Kendall Hunter (SF) 12% owned

Hunter ran well as Frank Gore’s primary backup and, if Gore were forced to miss time, Kendall looks to have the ability to be a major fantasy contributor behind an excellent San Francisco line. Gore has been surprisingly durable over the last several season despite carrying the “injury prone” tag through the early part of his career, but Hunter is a backup with talent and a should be owned on par with the Ben Tate’s and Bernard Pierce‘s of the world.

Leon Washington (NE)  0% owned

Shane Vereen‘s wrist injury opens the door for Washington to step in  as the pass-catching back in the Patriots high-powered offense. Washington has dynamic ability in the open field and should receive a healthy amount of targets. He’s a very interesting name in PPR formats and will likely fly under the radar during the first week waiver period.

Wide Receiver

Brian Hartline (MIA) 46% owned

Hartline has been an underrated PPR stud for some time and Week 1 of the 2013 season confirms that status. He saw a whopping 15 targets i the game, turning that into 9 cacthes for 114 yards and a touchdown. As Mike Wallace gets further integrated into the offense, expect Hartline to function as the main possession receiver, making him a weekly top-30 option in PPR formats.

Julian Edelman (NE) 25% owned

Edelman grabbed a pair of touchdown passes while outproducing hyped up rookie Kenbrell Thompkins in the opener. Prior to his injury last season, Edelman was carving out a significant role in the Pats offense and QB Tom Brady seems to have picked up right where he left off. Edelman has the trust of coach Bill Belechik and will continue to get looks now that he’s healthy. Word that Danny Amendola‘s groin injury may leave him out of Thursday’s matchup against the Jets clears the way for an even larger role for Edelman in the short term.

Marlon Brown (BAL) 5% owned

Subbing in for an injured Jacoby Jones, Brown grabbed a touchdown pass while racking up 65 yards on four receptions  in his debut outing. It’s tough to rely on rookie receivers and Brown looked pretty raw out there, but he also flashed the tools to succeed. In all honesty, it’s Joe Flacco‘s inconsistency on a week-to-week basis that keeps Brown from becoming a true breakout candidate, but he is a solid add in deeper leagues with a clear path to a starting role on an offense desperately seeking a second pass catcher.

Harry Douglass (ATL) 1% owned

Roddy White‘s ankle injury forced Douglas into a larger-than-expected role and the Falcons No. 3 stepped up admirably. He reeled in 4 passes for 93 yards and remains a high upside play with solid speed working opposite of Julio Jones in Atlanta’s high octane offense.

Tight End

Julius Thomas (DEN) 55% owned

Thomas flashed onto the scene during Peyton Manning‘s record performance last Thursday. Despite dropping his first target of the night, Manning went back to the well early and often, consistently finding Thomas in a coverage mismatches. When all was said and done, Thomas was one of three Denver pass catchers with a pair of touchdowns as he racked up five catches for 110 yards on seven targets.  While the record shattering pace of the Denver offense is sure to slow, Thomas is an immediate add in all leagues. Even if you already own a solid tight end, anyone who watched Peyton work with Dallas Clark back in his Indy days can see the upside of a trusted Manning tight end and Thomas deserves an add regardless.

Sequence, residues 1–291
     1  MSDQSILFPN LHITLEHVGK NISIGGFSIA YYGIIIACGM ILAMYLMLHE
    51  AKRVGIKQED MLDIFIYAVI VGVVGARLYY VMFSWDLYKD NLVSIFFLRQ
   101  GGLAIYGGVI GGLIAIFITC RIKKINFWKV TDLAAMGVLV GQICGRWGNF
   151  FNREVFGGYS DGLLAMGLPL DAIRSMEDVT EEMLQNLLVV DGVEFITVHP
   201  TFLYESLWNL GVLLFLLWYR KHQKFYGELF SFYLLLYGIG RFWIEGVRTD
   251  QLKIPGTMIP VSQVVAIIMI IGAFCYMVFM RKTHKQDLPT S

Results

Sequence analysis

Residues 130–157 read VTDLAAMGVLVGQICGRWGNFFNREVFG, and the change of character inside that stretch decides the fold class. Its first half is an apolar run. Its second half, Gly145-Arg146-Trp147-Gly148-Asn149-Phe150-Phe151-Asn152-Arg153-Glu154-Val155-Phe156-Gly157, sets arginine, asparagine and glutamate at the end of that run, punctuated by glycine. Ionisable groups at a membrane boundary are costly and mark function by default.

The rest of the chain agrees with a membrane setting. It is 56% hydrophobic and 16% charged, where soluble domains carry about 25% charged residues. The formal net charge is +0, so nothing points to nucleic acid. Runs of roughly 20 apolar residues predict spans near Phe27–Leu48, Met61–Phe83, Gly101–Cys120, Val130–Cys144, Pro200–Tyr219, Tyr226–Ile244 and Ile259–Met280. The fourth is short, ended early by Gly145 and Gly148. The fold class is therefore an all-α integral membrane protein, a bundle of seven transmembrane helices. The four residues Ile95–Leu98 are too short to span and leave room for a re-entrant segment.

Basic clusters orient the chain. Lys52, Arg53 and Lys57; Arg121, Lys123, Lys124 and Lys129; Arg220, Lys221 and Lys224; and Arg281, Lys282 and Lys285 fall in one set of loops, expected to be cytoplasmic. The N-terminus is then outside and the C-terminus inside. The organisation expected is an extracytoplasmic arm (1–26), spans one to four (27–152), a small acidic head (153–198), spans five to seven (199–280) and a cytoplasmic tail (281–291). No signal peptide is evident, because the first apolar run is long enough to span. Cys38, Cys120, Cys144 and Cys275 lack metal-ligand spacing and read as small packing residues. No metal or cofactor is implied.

Brent Celek (PHI) 20% owned

Chip Kelly’s frantic offense took the Redskins by surprise on Monday night and Brent Celek was one of the primary benefactors of the Eagles up tempo game-plan. Celek saw just three targets, but made the most of them, posting a pair of 28-yards receptions including one that resulted in a touchdown. The Eagles run the ball a ton, but they also lead the entire game on Monday, so it is difficult to completely by the breakdown of pass versus run plays. Regardless, if Michael Vick continues to find Celek (and, more importantly, look his way in the red zone), the tight end will hold value as a second tier tight end.

Defense/Special Teams

Panthers (CAR) 6% owned

Carolina’s front-seven is simply dominant and despite the Week 1 loss, the defense was able to bottle up one of the top rushing attacks in the league, holding Seattle to just 70 rushing yards on 26 carries (2.7 ypc). Next, they face a Buffalo team that’s main strength lies in its ground game. While we don’t expect C.J. Spiller to be as ineffective as he was in Week 1, we also won’t rate him as a top-5 back this week against the Panthers. Add in the fact that EJ Manuel is making just the second start of his career and Carolina makes a really attractive pick-up-and-play in Week 2. Obviously, their long-term outlook is a bit risky playing in a division with both New Orleans and Atlanta, but Carolina will make a fantastic matchup play for the balance of the season.